The Orioles and Nationals playing against each other in 2020.

Due to the two cities' proximity to one another, historic and contemporary rivalries have existed between teams from both cities.

From 1972 to 2004, Washington did not have a baseball team; as a result, many baseball fans in the Washington area supported the nearby Baltimore Orioles, making them the de facto baseball team for Washington. When Washington was looking for a team, the ownership of the Orioles disapproved of the effort for fear that they would lose the Washington market to the new team. They were the only team to vote against moving the Montreal Expos to Washington. Therefore, when the Nationals began play in 2005, a natural rivalry was born between the new Washington team and the team that had historic support in the Washington region. This rivalry is known as the Beltway Series, or Battle of the Beltways, due to each city's proximity to the Capital Beltway, a major ring road that circles around Washington and its immediate suburbs. Given that the two teams play in different leagues (the Nationals play in the National League and the Orioles play in the American League), it is a rare interleague rivalry.

The Commanders and Baltimore Ravens of the NFL have a slight rivalry. Though because the two teams play in different conferences (the Commanders play in the National Football Conference (NFC) and the Ravens play in the American Football Conference (AFC)), they rarely play against each other in the regular season. However, there generally is a matchup between these two teams every preseason.

See also[edit]


  1. ^ "NFL Attendance – 2018". Retrieved October 26, 2019.
  2. ^ "NBA Attendance Report – 2019". Retrieved October 26, 2019.
  3. ^ "MLB Attendance Report – 2018". Retrieved October 26, 2019.
  4. ^ "NHL Attendance Report – 2018–19". Retrieved October 26, 2019.
  5. ^ "2019 MLS Attendance". Soccer Stadium Digest. October 6, 2019. Retrieved October 8, 2019.
  6. ^ "2021 NWSL Attendance". Soccer Stadium Digest. February 23, 2021. Retrieved February 23, 2022.
  7. ^ "United have RFK all to themselves". 2007-09-25.
  8. ^ Attendance Records, Largest Crowds in the United States, "Attendance Records - U.S. Soccer". Archived from the original on 2013-03-13. Retrieved 2013-01-20.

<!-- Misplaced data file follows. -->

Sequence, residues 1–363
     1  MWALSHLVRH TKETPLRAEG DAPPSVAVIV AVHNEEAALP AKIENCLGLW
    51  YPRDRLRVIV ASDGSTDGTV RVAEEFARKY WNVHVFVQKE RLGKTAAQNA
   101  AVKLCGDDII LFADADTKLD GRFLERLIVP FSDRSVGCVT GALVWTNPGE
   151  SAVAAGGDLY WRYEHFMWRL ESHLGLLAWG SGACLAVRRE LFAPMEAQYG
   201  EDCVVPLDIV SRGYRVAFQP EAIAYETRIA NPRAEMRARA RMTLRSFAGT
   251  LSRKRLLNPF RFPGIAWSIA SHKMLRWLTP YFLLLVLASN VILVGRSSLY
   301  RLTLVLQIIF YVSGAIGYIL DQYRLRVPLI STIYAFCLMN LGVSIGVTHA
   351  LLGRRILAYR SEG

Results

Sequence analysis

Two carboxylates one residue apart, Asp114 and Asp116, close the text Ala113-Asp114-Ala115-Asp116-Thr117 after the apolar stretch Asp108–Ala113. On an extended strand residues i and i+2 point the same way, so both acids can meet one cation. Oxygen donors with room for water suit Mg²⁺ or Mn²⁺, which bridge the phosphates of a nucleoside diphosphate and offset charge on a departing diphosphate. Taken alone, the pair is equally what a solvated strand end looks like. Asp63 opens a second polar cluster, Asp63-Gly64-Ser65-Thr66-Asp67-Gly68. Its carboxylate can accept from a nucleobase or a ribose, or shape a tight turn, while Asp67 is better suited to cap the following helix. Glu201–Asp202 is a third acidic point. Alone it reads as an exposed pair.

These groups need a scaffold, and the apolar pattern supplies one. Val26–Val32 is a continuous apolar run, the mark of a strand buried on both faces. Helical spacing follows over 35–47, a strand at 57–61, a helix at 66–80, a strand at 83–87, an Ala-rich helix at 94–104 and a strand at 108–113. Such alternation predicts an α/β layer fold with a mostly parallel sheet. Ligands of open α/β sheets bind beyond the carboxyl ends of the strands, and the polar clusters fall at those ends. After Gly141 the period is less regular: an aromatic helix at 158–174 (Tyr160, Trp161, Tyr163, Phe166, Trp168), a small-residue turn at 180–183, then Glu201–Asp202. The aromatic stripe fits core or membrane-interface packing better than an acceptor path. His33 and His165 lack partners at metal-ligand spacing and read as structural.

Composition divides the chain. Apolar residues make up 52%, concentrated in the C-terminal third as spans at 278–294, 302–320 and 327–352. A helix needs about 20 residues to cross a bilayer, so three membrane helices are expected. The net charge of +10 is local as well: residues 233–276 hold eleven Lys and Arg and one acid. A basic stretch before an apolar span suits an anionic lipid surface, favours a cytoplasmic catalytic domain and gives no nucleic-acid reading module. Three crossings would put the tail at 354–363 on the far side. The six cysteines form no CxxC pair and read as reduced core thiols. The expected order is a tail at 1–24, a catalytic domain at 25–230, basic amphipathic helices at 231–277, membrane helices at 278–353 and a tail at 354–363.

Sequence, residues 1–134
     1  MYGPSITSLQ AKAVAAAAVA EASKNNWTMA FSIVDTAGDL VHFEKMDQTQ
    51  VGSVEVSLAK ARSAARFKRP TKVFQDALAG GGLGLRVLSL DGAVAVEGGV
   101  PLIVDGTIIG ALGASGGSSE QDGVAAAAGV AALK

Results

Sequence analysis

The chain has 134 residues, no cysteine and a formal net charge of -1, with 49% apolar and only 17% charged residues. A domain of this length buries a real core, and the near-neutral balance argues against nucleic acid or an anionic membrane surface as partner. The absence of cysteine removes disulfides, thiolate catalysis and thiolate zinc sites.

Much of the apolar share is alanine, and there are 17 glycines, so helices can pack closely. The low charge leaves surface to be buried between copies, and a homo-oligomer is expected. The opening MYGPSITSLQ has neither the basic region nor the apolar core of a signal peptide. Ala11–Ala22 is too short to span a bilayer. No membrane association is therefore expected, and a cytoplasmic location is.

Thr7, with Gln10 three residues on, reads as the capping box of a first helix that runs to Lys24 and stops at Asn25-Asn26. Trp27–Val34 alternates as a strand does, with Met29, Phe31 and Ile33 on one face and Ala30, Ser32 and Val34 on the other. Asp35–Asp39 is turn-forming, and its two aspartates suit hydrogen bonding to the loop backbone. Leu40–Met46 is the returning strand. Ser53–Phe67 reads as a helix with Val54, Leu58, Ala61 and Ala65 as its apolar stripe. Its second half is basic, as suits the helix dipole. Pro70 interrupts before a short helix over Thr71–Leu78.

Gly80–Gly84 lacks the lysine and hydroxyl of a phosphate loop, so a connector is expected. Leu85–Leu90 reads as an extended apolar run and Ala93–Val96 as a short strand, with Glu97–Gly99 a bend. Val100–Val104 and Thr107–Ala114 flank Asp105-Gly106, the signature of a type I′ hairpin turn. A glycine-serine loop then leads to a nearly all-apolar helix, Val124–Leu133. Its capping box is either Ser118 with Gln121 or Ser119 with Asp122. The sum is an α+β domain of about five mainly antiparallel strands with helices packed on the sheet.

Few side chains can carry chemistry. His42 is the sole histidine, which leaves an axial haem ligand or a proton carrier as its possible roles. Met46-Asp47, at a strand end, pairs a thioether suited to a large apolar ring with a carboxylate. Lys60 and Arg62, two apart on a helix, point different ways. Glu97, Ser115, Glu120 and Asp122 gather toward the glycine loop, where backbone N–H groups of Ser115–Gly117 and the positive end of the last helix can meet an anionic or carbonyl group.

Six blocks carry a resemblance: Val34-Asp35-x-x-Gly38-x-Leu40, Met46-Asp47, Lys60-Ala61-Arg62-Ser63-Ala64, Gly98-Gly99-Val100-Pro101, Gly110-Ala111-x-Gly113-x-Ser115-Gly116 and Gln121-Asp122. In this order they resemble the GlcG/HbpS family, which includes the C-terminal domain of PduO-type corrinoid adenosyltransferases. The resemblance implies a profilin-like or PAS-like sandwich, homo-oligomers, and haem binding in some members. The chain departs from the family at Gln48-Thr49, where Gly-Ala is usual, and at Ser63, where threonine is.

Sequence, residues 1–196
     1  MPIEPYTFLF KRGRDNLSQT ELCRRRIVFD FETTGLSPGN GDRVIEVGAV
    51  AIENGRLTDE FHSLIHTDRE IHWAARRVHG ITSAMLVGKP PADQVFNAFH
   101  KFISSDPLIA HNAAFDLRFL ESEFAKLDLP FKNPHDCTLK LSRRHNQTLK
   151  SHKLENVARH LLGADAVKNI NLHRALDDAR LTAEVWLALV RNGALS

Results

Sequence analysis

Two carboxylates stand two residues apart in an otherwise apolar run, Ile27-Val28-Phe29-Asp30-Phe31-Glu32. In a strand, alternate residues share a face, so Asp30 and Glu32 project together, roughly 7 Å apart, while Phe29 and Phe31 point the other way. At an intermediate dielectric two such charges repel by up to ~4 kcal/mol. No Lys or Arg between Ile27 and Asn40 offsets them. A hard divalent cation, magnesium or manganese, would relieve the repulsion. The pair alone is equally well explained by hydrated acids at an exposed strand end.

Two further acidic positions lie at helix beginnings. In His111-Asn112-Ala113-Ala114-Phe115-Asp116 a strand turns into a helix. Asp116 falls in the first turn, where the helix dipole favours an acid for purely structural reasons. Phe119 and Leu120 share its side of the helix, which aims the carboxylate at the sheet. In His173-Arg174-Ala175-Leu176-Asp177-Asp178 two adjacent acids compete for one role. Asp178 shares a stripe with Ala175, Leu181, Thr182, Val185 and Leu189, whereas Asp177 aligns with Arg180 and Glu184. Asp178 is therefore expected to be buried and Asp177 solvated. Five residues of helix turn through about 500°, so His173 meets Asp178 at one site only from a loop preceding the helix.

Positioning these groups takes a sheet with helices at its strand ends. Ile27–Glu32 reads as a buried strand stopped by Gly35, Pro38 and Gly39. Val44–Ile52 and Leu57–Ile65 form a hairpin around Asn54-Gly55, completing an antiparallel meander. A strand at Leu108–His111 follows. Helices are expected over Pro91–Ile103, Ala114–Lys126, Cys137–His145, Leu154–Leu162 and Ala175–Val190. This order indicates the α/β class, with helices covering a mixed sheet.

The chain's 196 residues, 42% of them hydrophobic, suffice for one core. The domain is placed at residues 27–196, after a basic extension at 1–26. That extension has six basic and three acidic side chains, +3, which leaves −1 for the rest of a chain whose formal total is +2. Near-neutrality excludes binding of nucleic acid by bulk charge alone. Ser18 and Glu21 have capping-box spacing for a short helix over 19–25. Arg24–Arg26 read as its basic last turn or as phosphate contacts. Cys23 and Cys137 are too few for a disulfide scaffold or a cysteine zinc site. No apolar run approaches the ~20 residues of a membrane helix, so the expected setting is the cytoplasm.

9. ^ History by Decades Archived 2008-07-02 at the Wayback Machine. Washington Redskins.
  10. ^ of the NFL
  11. ^ "Regular Season Records: Miscellaneous". NBA. Retrieved April 26, 2010.
  12. ^ "With Leonsis' OK, Mystics attendance banners removed". USA Today. May 7, 2010.
  13. ^ "Two local business leaders may field professional D.C. rugby team". Retrieved 2022-06-27.
  14. ^ Washington Post, U.S. vs. Brazil friendly at FedExField ranks third in attendance in Washington area, May 31, 2012,
  15. ^ Feinstein, John (December 22, 2008). "A D.C. Bowl Worthy of Its Players". Washington Post. p. A21.
  16. ^ Lanyi, Bettina (2013-09-19). "D.C. gay flag football league builds community, camaraderie". Washington Post. ISSN 0190-8286. Retrieved 2018-06-03.
  17. ^ a b Zeigler, Cyd (2016-09-16). "DC Gay Flag Football League produces 2017 calendar". Outsports. Retrieved 2018-06-05.
  18. ^ DiMargo, Carissa (2011-08-10). "DC Gay Flag Footballers Debut Calendar". NBC4 Washington. Retrieved 2018-06-03.
  19. ^ "Flag football league brings annual 'Gay Bowl' to Boston area". Boston Herald. 2017-10-07. Retrieved 2018-06-05.
  20. ^ Home Archived 2008-05-13 at the Wayback Machine
  21. ^ Home
  22. ^ "MCM Story", Marine Corps Marathon.
  23. ^ "Army Ten-Miler Complete 10 Miler Race History"
  24. ^ "Paes leads Washington to 1st WTT championship". AP. July 26, 2009.
  25. ^ "Washington Kastles Four-Peat as Mylan WTT Champions". World TeamTennis. July 27, 2014. Retrieved May 14, 2015.
  26. ^ Goff, Steven (April 10, 2010). "D.C. United fosters a rivalry with expansion Philadelphia Union". The Washington Post. p. D2.